It’s almost as if the ELCA has played a massive don’t-ask, don’t-tell shell game for the last decade as its grappled with an issue that other mainline protestant churches have grappled with, some with less rancor than others.
But under Hill, who now is co-pastor with Keith Olstad, the little church has prospered, its membership greatly increased.
“I’m told the ELCA did a study on reconciling,” Hill said. “Membership and benevolence go up in welcoming churches. I’m hopeful that this can be part of an evangelical opportunity. We can re-evangelize the de-evangelized; those people who felt there was no place in the church for them because of the policy [on homosexuality].”
Hill has not hidden in her little sanctuary. She has pushed for this vote for years, deciding that long ago she would work to change the system from within.
Hill, 58, did not start out as Lutheran. She didn’t even acknowledge — or perhaps know — she was a lesbian into young adulthood.
She grew up Catholic in the South, attended Mississippi State University and met and married a young man who aspired to be a lawyer. In the 1970s, the couple moved to the University of Michigan, where Hill met a woman in her workplace who also was a Lutheran Church organist. She fell in love.
Obviously, this was a time of awful chaos for Hill. There was a divorce. There were meetings with a Lutheran pastor “who helped me walk through” the place she suddenly found herself.
Her life was starting over again.
There was a point during her divinity studies in the early 1990s that she was researching theology of the United Church of Christ, a denomination that was ahead of the curve in being open and affirming to gays, lesbians, bisexuals and transgender people.
“But what that study did for me was confirm that I’m a Lutheran,” she said. “My theology is Lutheran. It’s the place I’ve been taught about grace and scripture as a guide, not a rule book.”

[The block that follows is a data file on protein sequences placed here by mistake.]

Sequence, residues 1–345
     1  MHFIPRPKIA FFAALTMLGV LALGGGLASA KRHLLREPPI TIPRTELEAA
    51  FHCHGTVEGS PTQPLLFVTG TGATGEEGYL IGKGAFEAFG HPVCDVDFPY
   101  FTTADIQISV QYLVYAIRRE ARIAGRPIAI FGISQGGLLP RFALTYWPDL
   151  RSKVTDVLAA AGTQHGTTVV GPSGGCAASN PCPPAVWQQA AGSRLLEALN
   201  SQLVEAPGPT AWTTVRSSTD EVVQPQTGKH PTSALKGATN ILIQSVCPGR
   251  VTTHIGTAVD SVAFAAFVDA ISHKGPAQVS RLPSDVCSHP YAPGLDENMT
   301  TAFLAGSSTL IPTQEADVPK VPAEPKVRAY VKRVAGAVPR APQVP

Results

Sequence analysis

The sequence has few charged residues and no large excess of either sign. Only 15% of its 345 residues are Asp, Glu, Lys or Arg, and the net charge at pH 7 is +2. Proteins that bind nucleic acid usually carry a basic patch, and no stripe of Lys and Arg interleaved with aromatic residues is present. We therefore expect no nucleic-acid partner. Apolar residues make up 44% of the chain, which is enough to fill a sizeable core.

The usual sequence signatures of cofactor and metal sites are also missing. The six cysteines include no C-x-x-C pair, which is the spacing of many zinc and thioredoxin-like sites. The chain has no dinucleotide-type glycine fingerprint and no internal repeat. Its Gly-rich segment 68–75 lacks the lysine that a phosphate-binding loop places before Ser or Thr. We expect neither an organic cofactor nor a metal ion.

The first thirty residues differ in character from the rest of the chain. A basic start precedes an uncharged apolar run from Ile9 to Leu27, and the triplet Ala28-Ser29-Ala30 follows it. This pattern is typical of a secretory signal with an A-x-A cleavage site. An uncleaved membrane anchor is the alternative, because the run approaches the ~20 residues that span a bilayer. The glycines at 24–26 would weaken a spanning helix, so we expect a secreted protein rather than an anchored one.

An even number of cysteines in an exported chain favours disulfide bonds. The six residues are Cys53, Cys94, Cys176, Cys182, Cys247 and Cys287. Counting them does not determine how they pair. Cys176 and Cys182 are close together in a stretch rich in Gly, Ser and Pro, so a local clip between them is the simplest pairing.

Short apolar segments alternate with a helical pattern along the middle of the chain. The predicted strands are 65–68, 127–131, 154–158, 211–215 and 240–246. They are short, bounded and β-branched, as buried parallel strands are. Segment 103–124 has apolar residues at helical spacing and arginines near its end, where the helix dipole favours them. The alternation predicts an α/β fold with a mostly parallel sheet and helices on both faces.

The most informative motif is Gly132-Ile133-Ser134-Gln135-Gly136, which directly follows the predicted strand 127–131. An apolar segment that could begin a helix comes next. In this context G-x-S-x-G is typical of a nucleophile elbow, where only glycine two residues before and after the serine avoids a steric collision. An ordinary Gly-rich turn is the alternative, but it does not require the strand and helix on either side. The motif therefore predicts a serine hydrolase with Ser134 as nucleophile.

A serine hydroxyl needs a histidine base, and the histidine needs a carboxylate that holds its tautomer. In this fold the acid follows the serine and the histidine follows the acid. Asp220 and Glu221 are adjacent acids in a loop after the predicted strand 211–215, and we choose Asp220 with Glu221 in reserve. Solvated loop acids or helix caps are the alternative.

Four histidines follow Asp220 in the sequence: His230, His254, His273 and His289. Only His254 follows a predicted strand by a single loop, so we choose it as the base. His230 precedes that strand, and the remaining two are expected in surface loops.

Change has come, member by member, church by church. But leading up to this week, there also have been huge disappointments as the ELCA has grappled with how to deal with homosexuality.
But her own congregation and others throughout the country “have always been there with support and hope,” she said.
There have been extraordinary times. There was her own ordination, when her church was packed to overflowing. There was the commitment ceremony at her church with her partner and the wedding dance that followed in the church basement. There have been visitors from all over the country who stop by St Paul Reformation to get a feel for the first church in the Midwest and one of the first in the country to open its pulpit to gays and lesbians.
Now this. The ELCA is moving so close to a major shift.
“It’s a bit of an emotional roller coaster,” said Hill. “All summer, I’ve been cautious, but I keep being dragged to the side of hope.”
In the midst of the tension over this issue, there has been time for laughter.
The tornado came oh-so-close Wednesday to all those Lutherans in downtown Minneapolis, leading to over-the-top comments in some quarters questioning whether God was expressing displeasure with the proposed change.
What was the meaning of the close call?
Hill laughed and said that very question was brought to Ross Murray, associate director of Lutherans Concerned, an organization supporting total inclusion of gays and lesbians.
“He pointed out that after the storm, the sun came out,” said Hill.